Wall Street continued its rally in quarter 1 of 2021, as America’s economy grew at a greater than expected pace, and vaccination rates exceeded even the most optimistic estimates. The Federal Reserve’s promise to keep rates lower for longer and additional rounds of stimulus spending, provided additional support. The three major stock indexes — the Dow, the S&P 500 and the Nasdaq Composite — rallied 7.8%, 5.8% and 2.8%, respectively, in the first-quarter of 2021.
Value stocks, which have long been treated by Mr. Market as an unwanted stepchild, were a top performer in quarter 1, as investors became leery of richly valued growth stocks, and their ability to generate sufficient earnings to justify their high prices in a rising interest rate environment. The Russell 1000 Value Index (+10.7%) outperformed the Russell 1000 Growth Index (+0.7%) by 9.9 percentage points, its largest outperformance in 20 years.
Small cap stocks also outperformed the overall market, on expectations that a strengthening economy will be especially helpful to their bottom lines. The two most widely followed small-cap indexes — the Russell 2000 and the S&P 600 — jumped 12.4% and 17.9%, respectively.
The bond market did not share in the equity market’s good fortunes, as rising interest rates drove bond prices lower. Rates on 10-year Treasury notes surged 83bps in Q1 for its largest net gain since the last quarter of 2016. Treasuries had the toughest time, while high-yield bonds managed to eke out a small gain. Pushing rates higher were fears that accelerated economic growth and an unprecedent expansion in money supply will lead to inflation, which in turn could force the Fed to raise rates.
While the economy is expected by most economists to continue to expand at a rapid clip throughout 2021, threats remain.
Parts of the U.S., and several other regions around the globe are in the midst of a fourth wave of the pandemic, as more contagious variants of the coronavirus have begun to dominate new cases.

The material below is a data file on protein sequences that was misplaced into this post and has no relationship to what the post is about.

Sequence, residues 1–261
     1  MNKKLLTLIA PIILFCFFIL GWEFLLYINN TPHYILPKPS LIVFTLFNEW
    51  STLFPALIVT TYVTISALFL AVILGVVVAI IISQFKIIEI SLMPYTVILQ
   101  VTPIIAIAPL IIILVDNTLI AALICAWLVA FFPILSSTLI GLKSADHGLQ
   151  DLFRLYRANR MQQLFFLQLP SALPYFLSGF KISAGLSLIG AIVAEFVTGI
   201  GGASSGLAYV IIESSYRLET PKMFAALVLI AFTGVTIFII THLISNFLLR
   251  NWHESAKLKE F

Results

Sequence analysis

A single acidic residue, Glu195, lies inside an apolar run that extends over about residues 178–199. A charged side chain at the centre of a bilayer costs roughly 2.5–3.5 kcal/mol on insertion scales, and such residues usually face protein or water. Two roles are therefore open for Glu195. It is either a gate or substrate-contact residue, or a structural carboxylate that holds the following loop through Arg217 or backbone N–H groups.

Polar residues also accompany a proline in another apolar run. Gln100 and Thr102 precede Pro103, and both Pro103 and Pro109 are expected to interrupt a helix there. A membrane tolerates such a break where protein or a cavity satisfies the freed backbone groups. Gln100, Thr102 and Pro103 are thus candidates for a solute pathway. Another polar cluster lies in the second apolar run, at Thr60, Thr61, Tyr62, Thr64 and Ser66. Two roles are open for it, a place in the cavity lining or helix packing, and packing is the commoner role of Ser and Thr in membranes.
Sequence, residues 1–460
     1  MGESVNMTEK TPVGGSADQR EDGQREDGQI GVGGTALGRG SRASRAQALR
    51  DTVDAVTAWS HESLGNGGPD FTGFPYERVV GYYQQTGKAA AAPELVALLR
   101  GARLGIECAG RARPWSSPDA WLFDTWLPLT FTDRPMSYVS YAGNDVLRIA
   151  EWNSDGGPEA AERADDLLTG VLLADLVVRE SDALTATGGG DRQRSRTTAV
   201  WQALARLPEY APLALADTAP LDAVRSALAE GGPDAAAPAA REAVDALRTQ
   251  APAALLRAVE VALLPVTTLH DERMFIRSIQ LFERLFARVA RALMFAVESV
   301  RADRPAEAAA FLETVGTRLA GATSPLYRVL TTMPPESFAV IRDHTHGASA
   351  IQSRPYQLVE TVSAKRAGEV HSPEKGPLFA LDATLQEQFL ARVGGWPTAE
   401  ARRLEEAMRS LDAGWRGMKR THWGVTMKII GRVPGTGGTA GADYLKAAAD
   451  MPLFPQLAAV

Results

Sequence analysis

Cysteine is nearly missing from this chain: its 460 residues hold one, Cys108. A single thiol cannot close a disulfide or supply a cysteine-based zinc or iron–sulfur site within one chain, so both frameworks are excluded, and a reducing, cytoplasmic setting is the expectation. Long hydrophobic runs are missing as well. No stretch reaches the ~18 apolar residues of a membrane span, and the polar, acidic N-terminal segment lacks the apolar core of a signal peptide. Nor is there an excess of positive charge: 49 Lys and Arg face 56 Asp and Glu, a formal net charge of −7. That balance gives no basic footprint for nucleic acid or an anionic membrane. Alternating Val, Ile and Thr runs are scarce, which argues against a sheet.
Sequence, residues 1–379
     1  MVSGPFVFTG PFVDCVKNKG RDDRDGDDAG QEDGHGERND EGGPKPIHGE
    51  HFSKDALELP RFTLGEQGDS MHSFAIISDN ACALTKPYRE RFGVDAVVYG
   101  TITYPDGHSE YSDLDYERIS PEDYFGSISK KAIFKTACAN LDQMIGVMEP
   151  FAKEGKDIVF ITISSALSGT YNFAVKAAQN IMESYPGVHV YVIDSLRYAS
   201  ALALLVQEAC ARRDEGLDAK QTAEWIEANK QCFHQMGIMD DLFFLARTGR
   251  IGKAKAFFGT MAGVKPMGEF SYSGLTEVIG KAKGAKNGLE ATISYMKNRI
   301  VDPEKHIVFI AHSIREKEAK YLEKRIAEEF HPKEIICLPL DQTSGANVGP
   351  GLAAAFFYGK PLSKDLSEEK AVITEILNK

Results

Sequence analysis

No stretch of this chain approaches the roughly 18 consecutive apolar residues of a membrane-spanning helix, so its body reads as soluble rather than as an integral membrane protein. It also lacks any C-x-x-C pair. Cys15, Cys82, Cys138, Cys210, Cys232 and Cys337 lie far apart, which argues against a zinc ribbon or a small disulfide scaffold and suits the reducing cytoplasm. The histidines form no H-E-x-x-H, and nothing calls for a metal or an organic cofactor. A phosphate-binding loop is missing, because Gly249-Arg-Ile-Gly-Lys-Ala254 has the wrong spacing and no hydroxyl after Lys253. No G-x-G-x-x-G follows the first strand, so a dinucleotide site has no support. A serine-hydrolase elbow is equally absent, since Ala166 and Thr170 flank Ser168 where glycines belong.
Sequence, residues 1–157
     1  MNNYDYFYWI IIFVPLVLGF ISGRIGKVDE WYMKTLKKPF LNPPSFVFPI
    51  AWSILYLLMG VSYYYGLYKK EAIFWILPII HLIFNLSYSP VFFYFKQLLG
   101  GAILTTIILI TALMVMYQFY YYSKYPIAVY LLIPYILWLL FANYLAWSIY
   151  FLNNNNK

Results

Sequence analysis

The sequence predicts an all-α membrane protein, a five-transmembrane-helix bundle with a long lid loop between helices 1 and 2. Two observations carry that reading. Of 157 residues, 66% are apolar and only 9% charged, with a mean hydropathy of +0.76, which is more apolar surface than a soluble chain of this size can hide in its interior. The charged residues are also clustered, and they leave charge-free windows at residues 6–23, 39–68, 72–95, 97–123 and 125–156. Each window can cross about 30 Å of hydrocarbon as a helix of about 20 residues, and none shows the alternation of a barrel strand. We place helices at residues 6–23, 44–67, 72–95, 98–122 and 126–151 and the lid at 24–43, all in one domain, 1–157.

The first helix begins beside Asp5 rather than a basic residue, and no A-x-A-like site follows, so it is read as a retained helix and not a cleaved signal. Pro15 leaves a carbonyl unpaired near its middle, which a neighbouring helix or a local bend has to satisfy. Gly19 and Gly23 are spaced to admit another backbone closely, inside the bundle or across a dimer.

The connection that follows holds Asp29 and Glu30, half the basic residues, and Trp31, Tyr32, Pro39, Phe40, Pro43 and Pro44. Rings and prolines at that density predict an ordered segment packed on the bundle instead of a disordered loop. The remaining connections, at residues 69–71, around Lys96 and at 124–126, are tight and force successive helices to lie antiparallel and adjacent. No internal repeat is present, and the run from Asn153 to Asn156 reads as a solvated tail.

The Biden administration has proposed hiking the corporate tax rate to 28% from the 21% to help finance a massive infrastructure program, which could cost as much 9% of next year’s S&P 500 earnings.
The near 40% jump in the U.S. money supply over the past year sparked concerns about rising inflation if (when) all that money moves out of banks and into the economy.
Persistently high inflation rates have historically led to higher interest rates, which also pose a threat to the ongoing economic recovery.
Predictions as to what comes next are always problematic, and especially now as the current environment is unlike anything our generation has ever seen. In our view, the risk of further hikes in interest rates warrants favoring high quality, shorter term, lower duration debt instruments, notwithstanding the somewhat lower interest payments they provide. We also suggest investigating bond alternatives to counterweight equity risk.
Shifting focus to equities, stocks are trading at very high valuations with less clarity than usual as to what to expect in the coming months. Investors with a shorter time horizon or who are less able to maintain a long-term commitment to stocks may way to revisit their portfolio’s equity exposure. By comparison, we suggest investors who are prepared to tolerate a bout of increased volatility stick to their long-term investment plan.
US Economic Growth Expected To Accelerate In 2021.
Forecasts are always dicey affairs, but taking recent projections at face value paints a bullish outlook for the U.S. economy. Gross domestic product this year, according to several accounts, is on track to grow at the strongest rate in nearly four decades.
For example, the International Monetary Fund (IMF) expects that U.S. economic activity will rise roughly 6.4% in 2021. That’s not only impressive in absolute terms, it stacks up rather well on a relative basis, too. The projection “makes the United States the only large economy projected to surpass the level of GDP it was forecast to have in 2022 in the absence of this pandemic,” IMF chief economist Gita Gopinath said earlier this month.